MEMORABLE TECHNOLOGY–MEMS sensors, CMOS systems and nano solutions
Scientists and engineers have struggled to exploit the potential of nanotechnology. Sensor specialist, Nanusens, aims to end that with its latest developments: NEMS, Nano Electro Mechanical Systems, for embedded CMOS technology.
A revolution was unleashed upon the electronics market, with CMOS technology being used to shrink almost everything onto a printed circuit board (PCB), on a single chip, then manufactured and copied to make millions of those chips. No longer a bespoke manufacturing process for each board, products can now be made at any volume, in any semiconductor fab, as a result of the versatility of the CMOS technique.
Nanusens, a British company, is about to kickstart a similar revolution: this time, it’s for MEMS sensors. Again, the constraint is that of bespoke manufacturing. Every MEMS sensor chip has taken 5 to 7 years to design, with a custom manufacturing line crafted for its production.The only way to significantly increase production is to build a duplicate line: the MEMS industry is struggling to reward demand with supply. Considering the resourcefulness of MEMS sensors within a plethora of applications, this will persist as a major concern.
Why are MEMS sensors so complex to make? MEMS stands for Micro Electro Mechanical Systems. To the naked eye, components are still and simple. But under a microscope, the MEMS reveals tiny moving parts, like springs, load masses and even sometimes gears, formed by etching on the surface of a slice of silicon. As every design needs its own set of manufacturing processes, the only economies of scale are being able to make a high number of the same device, on one production line.
Nanusens has inverted the manufacturing and design. Instead of starting with a MEMS design and then processing the production, Nanusens has started with the standard CMOS manufacturing process, exploiting this knowledge to construct MEMS within the layers of CMOS on the backend of a chip, only using standard CMOS methods.
Effectively, the tiny metal structures that form the MEMS are created, and then the dialectric is etched away to create voids for them to move freely. Typically, this is a movable load mass suspended by springs, and its movement causes a detectable change in capacitance. The problem is that the released metal structures distort, due to stresses to the CMOS as it was never designed for this purpose.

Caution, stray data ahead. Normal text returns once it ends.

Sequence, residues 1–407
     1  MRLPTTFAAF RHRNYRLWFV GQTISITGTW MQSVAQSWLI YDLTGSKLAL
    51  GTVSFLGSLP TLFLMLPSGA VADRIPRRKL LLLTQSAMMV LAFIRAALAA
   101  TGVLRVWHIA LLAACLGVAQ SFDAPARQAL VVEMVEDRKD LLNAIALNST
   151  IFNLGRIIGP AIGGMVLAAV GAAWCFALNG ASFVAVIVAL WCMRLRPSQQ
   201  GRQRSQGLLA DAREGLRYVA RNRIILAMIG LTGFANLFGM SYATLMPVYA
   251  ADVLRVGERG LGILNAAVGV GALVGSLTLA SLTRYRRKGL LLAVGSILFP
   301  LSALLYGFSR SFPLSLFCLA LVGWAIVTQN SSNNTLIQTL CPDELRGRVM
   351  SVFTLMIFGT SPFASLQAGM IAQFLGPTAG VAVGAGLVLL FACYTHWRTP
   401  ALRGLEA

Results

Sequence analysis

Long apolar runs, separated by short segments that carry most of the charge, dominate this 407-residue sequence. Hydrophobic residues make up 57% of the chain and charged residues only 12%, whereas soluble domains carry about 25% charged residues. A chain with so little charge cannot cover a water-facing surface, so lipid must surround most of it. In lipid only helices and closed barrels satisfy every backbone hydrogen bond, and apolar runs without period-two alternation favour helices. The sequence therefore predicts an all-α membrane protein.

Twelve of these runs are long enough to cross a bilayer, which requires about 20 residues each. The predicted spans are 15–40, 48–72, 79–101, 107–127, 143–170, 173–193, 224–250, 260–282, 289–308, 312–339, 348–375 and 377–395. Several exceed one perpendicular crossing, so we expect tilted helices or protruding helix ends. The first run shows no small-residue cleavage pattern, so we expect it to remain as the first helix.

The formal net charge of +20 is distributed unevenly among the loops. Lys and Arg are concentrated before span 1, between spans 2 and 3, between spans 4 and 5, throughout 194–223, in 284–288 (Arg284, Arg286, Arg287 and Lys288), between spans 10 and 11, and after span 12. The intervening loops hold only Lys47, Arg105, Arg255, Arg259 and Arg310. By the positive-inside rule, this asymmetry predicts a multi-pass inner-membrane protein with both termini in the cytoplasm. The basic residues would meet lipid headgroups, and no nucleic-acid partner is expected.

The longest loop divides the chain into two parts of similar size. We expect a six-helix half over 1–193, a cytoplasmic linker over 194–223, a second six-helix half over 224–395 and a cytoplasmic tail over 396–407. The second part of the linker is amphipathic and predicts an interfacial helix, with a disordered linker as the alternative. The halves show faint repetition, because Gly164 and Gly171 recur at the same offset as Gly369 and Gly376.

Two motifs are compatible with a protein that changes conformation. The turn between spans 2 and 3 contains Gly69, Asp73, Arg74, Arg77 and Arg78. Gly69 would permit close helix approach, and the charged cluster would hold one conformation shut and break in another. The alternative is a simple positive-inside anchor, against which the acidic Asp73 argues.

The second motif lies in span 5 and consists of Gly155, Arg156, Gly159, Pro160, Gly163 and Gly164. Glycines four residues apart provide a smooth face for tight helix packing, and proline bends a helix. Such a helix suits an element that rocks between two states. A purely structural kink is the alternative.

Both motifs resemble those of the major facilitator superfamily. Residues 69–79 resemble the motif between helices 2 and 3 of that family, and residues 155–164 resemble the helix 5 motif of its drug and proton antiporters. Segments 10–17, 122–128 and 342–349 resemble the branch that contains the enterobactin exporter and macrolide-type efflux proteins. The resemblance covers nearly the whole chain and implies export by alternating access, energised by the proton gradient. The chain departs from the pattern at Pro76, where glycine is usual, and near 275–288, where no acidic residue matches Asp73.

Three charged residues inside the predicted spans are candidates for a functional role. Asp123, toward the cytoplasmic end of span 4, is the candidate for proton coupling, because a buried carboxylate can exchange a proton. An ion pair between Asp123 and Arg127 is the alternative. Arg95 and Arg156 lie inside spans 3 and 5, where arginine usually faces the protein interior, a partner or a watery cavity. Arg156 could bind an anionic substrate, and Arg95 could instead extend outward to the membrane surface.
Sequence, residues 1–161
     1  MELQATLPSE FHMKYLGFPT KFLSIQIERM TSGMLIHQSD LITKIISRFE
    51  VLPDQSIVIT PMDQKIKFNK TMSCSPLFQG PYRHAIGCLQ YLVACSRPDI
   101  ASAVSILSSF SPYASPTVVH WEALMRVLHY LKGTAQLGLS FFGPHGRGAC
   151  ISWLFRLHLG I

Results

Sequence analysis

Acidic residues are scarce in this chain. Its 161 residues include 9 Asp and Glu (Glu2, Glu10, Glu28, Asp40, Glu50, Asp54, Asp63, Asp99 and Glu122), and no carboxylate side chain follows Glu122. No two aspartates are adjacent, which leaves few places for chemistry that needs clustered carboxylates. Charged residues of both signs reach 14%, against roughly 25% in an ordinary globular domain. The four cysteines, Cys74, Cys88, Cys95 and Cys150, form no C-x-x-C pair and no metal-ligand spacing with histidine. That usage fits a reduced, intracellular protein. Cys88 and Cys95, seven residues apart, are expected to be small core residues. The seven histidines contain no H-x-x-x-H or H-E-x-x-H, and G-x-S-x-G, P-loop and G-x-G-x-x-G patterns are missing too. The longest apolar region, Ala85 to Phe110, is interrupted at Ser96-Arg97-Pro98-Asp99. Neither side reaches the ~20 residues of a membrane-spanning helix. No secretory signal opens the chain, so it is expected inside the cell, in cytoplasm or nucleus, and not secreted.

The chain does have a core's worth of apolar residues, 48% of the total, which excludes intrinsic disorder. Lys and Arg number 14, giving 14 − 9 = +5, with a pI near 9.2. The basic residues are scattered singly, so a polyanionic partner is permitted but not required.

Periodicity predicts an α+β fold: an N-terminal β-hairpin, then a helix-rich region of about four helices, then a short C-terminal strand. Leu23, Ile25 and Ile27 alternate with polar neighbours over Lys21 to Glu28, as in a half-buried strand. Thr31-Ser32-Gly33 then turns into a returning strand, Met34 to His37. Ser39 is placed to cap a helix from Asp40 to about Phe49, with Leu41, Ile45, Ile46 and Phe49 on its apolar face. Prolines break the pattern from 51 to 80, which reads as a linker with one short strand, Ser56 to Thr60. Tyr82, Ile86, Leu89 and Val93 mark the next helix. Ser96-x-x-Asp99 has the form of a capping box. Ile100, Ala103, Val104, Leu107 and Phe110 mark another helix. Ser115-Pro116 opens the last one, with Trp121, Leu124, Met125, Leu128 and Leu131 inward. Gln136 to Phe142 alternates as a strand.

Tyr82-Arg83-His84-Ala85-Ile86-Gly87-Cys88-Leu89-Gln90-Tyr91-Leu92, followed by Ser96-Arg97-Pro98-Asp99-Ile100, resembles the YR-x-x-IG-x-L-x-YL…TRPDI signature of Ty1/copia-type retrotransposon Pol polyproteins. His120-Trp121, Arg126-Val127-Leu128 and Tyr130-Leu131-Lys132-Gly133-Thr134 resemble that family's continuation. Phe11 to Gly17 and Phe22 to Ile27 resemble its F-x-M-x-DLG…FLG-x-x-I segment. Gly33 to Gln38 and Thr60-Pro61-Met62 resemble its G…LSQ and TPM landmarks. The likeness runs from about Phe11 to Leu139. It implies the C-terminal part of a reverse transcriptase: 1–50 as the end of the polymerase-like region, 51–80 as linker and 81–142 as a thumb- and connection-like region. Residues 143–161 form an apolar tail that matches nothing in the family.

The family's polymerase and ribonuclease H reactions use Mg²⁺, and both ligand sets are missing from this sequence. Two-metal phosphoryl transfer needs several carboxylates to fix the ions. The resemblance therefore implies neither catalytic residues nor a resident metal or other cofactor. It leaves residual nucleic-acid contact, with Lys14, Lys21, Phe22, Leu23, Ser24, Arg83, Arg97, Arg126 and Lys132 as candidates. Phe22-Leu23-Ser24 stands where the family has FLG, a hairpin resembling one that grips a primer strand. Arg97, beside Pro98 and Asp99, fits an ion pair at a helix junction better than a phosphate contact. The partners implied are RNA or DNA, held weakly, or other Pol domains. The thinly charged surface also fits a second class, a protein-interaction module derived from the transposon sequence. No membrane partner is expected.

Why is this a revolution? The MEMS sensors made by this new process are ten times smaller, bringing nanotechnology into the electronics ring, back under the spotlight. These NEMS – Nano Electro Mechanical Systems – take up very little real estate on the chip. As it is made in the same fab as standard CMOS ICs, this presents the possibility to implement the control electronics onto the chip simultaneously. Moreover, several different types of NEMS can be built at the same time, on the same chip, to create a single multi-sensor solution. For comparison, to build an equivalent, one requires a separate chip with each different type of sensor, plus a separate control chip, all assembled together in a multi-chip package that is many times larger than the NEMS solution presented by Nanusens.
For many device designs, space is at a premium. The best example is the earbud, where designers face two challenges that the NEMS technology solves. The first is battery life: it demands augmentation, to function at its absolute limits. Each packaged Nanusens sensor is a quarter of the size of its current packaged equivalent, which frees up space for larger batteries – even more with a multi-sensor NEMS package. These packages also overcome the second issue: the lack of space preventing the additional integration of new sensors to increase functionality. Adding sensors to earbuds increases awareness: when they are or should be in the ear, rather than on a table or in a pocket, they should automatically turn themselves off.
The biggest part of the revolution is that the manufacturing bottleneck is now removed, just like CMOS did to PCBs. Because these NEMS are made with standard CMOS techniques, they can be made in any fab so there is no limit to the numbers, enabling the MEMS market to grow: with the value rising beyond the billions, into the trillions, every device can accumulate as many sensors as designers desire.